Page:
Now, as we all know, it’s a difficult job to be a parent or a Godparent. It’s a job that they can’t simply do on their own: they need the love, the support and the prayer of you – their family and friends, and so before I ask them these really important, demanding questions, I have a very important question to ask of you all…

To the whole congregation:

Faith is the gift of God to his people. In baptism the Lord is adding to our number those whom he is calling. People of God, (that’s you) will you welcome this child / these children and uphold them in their new life in Christ?
With the help of God we will.

To the Parents & Godparents:

Parents and godparents, the Church receives this child /these children with joy. Today we are trusting God for their growth in faith. Will you pray for them, draw them by your example into the community of faith and walk with them in the way of Christ?
With the help of God, we will.

In baptism this child /these children begin their journey in faith. You speak for them today. Will you care for them and help them to take their place within the life and worship of Christ’s Church?
With the help of God, we will.

Decision

Baptism is an important decision, made by ourselves or on behalf of the children in our care

Parents and Godparents, the questions I am going to ask of you now are probably the most important questions I will ever ask anyone. Because N. is unable to answer for themselves, I ask you on their behalf, and with you rests the responsibility to live out these life-changing promises.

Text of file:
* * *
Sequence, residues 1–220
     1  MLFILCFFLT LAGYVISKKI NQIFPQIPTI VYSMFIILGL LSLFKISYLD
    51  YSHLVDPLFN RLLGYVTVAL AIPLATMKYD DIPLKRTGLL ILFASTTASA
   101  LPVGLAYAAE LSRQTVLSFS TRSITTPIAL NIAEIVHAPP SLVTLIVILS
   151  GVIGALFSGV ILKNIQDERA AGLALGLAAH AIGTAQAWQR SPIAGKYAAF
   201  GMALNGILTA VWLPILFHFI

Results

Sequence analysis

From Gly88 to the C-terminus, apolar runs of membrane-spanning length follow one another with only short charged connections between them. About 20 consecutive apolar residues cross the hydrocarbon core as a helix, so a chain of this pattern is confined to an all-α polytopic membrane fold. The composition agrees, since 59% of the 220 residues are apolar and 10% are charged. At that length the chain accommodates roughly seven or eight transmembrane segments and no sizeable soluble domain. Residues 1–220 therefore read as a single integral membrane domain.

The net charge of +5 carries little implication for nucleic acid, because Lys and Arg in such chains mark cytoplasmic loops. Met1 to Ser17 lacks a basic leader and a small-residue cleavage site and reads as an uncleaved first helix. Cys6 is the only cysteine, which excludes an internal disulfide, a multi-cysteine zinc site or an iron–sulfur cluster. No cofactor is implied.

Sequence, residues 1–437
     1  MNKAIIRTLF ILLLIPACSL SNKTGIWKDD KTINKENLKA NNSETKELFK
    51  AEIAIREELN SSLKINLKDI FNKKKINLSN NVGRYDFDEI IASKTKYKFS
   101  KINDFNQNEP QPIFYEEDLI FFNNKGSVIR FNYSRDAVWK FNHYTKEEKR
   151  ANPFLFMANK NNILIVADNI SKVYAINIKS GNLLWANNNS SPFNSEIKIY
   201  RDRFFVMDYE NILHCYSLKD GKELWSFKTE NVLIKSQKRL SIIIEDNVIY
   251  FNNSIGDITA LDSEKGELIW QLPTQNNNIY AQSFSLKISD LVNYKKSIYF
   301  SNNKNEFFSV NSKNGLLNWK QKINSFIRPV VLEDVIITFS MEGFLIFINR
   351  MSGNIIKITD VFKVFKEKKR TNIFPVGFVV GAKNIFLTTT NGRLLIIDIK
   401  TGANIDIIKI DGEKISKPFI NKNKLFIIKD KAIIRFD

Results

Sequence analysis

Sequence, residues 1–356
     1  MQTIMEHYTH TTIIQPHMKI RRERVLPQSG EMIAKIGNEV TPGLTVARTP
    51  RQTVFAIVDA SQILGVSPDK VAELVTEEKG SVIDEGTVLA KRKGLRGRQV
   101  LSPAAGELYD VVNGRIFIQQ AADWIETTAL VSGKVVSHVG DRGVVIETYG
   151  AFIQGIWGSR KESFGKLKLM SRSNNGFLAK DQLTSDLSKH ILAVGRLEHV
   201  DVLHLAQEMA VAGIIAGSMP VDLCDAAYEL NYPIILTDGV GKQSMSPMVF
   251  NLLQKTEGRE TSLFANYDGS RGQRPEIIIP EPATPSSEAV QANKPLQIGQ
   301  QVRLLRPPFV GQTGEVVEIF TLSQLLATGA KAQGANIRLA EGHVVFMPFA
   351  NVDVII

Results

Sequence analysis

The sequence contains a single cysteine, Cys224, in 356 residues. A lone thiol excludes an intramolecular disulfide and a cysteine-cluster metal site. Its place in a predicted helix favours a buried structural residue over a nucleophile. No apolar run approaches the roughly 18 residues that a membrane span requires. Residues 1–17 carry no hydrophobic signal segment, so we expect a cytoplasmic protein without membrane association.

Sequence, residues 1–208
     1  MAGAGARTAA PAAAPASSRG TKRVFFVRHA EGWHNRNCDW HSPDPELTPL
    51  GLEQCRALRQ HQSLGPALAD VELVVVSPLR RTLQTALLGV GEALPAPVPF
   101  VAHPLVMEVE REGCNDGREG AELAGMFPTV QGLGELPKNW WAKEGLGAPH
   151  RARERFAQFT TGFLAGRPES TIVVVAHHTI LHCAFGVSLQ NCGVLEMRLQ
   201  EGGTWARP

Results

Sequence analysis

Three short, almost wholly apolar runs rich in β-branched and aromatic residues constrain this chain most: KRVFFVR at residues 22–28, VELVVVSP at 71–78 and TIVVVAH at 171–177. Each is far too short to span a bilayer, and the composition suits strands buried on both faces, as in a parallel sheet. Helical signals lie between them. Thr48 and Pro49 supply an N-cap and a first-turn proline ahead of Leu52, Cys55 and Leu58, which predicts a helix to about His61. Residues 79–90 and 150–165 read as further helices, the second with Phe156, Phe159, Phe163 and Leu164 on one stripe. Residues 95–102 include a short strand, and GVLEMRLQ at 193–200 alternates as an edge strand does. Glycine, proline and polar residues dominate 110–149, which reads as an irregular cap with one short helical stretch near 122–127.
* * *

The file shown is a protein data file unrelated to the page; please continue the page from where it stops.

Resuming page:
In baptism, God calls us out of darkness into his marvellous light. To follow Christ means dying to sin and rising to new life with him. Therefore I ask:

Do you reject the devil and all rebellion against God?
I reject them.

Do you renounce the deceit and corruption of evil?
I renounce them.

Do you repent of the sins that separate us from God and neighbour?
I repent of them.

Do you turn to Christ as Saviour?
I turn to Christ.

Do you submit to Christ as Lord?
I submit to Christ.

Do you come to Christ, the way, the truth and the life?
I come to Christ.

Oil of Baptism

The Priest makes the sign of the cross on the forehead of each candidate with the Oil of Baptism, Parents and godparents also sign the candidates with the sign of the cross.

The first of our symbols of Baptism is the Oil of Baptism. It is a simple, unfragranced Olive Oil, made Holy for us by our own Bishop each Maundy Thursday, fresh each year. We use it to place the Sign of the Cross on the forehead of the person to be baptised. (allow young people to sniff the oil if they are willing).The Cross is at the heart of our faith, a symbol of Christ and of what he did for us.